The private provider of sonography services, Bestcare Diagnostics, has gone into voluntary liquidation, leaving several members of staff unpaid, according to the Manchester Evening News. An ongoing investigation into 1800 scans on NHS patients performed by the company is already taking place.

The company had provided sonography services across much of Greater Manchester, including in Rochdale, Wigan and Oldham, over the past four years. However, in December 2019 the lead commissioner Salford CCG, stepped in to stop the Stockport-based company from practising due to ‘concerns over the quality of the service provided’. The suspension came into force on 1 January 2020.

According to Salford CCG board papers the service provided by Bestcare Diagnostics was suspended for an initial period of six weeks, due to a number of concerns relating to Quality, Information Governance and Finance being identified.

Bestcare Diagnostics was a provider of sonography services, commissioned under ‘Any Qualified Provider (AQP) – Non-Obstetric Ultrasound Services (NOUS)’.

Members of staff now claim they were not paid for work they did in December and some have also not been paid for November. It is understood about a dozen former employees are owed money and they told the Manchester Evening News that they were given no notice that the company was to be wound up and the directors Sohail Ahmad Khan and his wife Rukhsana Tarannum, have not answered phone calls or emails.

In 2019, one of the company’s directors, Sohail Ahmad Khan stood down and control passed to Rukhsana Tarannum. Dr Khan has since set up a new company, Supreme Care Health Solution, which is not registered with the CQC.

In 2018, Salford CCG had been contacted by Coastal West Sussex CCG about its own concerns about Bestcare Diagnostics’ work. Coastal West Sussex CCG had concerns around safeguarding, complaints and incident investigations, and staff supervision. Salford CCG and the other Greater Manchester CCGs carried out their own investigations and did not find any significant concerns in their area at the time.

In Coastal West Sussex, where Bestcare Diagnostics carried out work as part of the any-qualified provider (AQP) contract for non-obstetric ultrasound scans from April 2017, the concerns revolved around quality and safety.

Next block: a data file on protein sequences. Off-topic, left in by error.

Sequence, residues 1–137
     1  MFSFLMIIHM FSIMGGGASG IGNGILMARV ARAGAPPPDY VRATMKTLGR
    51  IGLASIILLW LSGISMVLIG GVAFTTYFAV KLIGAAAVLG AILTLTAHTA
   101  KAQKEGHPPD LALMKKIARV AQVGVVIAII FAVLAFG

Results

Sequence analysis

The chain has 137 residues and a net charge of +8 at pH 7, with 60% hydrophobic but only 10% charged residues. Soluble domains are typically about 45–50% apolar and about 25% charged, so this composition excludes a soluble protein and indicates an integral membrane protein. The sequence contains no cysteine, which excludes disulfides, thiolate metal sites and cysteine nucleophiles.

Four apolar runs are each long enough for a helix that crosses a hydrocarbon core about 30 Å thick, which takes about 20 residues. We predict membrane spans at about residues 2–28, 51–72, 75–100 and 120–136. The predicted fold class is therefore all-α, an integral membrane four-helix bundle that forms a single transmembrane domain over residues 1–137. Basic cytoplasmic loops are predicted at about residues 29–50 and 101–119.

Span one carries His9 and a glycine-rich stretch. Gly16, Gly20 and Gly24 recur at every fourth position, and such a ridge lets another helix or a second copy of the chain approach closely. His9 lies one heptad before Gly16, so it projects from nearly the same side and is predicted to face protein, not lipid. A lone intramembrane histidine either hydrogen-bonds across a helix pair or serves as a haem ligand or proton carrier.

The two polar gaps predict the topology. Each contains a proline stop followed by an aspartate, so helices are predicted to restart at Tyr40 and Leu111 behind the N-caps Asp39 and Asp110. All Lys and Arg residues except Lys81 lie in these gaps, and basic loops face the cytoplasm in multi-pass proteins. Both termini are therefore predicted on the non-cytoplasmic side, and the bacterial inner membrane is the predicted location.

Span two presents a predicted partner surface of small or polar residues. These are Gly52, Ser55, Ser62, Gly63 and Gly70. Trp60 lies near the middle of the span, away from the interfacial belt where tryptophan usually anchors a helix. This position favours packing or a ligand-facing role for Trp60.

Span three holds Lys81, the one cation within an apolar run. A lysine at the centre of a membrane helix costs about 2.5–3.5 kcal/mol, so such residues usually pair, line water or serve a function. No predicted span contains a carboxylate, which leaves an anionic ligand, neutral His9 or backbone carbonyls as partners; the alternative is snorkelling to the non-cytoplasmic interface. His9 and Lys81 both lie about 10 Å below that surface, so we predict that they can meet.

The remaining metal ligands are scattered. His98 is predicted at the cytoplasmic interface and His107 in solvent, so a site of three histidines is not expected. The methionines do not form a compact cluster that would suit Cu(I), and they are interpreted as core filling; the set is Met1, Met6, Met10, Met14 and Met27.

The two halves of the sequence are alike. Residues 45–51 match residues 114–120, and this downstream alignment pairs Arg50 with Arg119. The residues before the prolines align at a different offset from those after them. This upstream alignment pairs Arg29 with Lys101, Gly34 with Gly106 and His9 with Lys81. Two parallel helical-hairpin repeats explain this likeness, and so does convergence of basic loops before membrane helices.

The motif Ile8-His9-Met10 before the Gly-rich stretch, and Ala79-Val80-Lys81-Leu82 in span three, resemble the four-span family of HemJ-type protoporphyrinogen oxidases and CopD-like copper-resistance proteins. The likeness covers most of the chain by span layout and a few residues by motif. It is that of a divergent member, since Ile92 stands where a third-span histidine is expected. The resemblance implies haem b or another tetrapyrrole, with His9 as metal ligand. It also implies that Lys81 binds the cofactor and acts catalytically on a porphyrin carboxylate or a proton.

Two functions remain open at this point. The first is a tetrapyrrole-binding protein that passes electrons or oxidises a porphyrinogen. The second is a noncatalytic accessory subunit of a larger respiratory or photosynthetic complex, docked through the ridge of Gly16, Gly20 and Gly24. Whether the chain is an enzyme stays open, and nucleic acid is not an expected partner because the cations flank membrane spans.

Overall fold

The Sussex contract was suspended in September 2018 over what the CCG said were “quality issues”. Then in spring 2019 new information came to light about the work carried out by two sonographers employed by Bestcare Diagnostics, who worked for the company between April and August 2018.

As a result of the new information, the CCG has reviewed 1,800 scans, including contacting the patients. The second stage of the review is now looking at whether any harm was caused to the patients.

GMB warns that patient transport services near “crisis point”

Medi 1, a provider of non-emergency patient transport services in Sussex, has gone into receivership, after getting into financial difficulties. This has left around 30 staff members unpaid and without work.

Medi 1 was contracted to run non-emergency patient transport services to hospitals across Sussex.

The GMB union has warned that non-emergency patient services are now nearing “crisis point”, and has called on health chiefs to bring the services in-house by contracting them to the NHS-run South Central Ambulance Service.

GMB regional organiser, Gary Palmer, is concerned that Medi 1 will just “re-present itself to the market in another form”.

Palmer noted that:  “The indecision of the CCGs in Sussex means I wouldn’t be surprised if South Central Ambulance Service eventually has had enough.”

He suggested that South Central Ambulance Service might pull out of future contracts because of a lack of leadership in Sussex. Mr Palmer called on Sussex health chiefs to offer a five-year patient transport contract to South Central Ambulance Service.

The failure of Medi 1 is the latest in a long line of failed companies involved in Sussex’s non-emergency PTS. During the time Coperforma had the contract, three private ambulance companies who were sub-contracted to do the work went bust – Docklands, VM Langfords and Thames Ambulance.

A Sussex Clinical Commissioning Groups spokeswoman said Sussex CCGs were “currently exploring procurement options” in relation to patient transport services.

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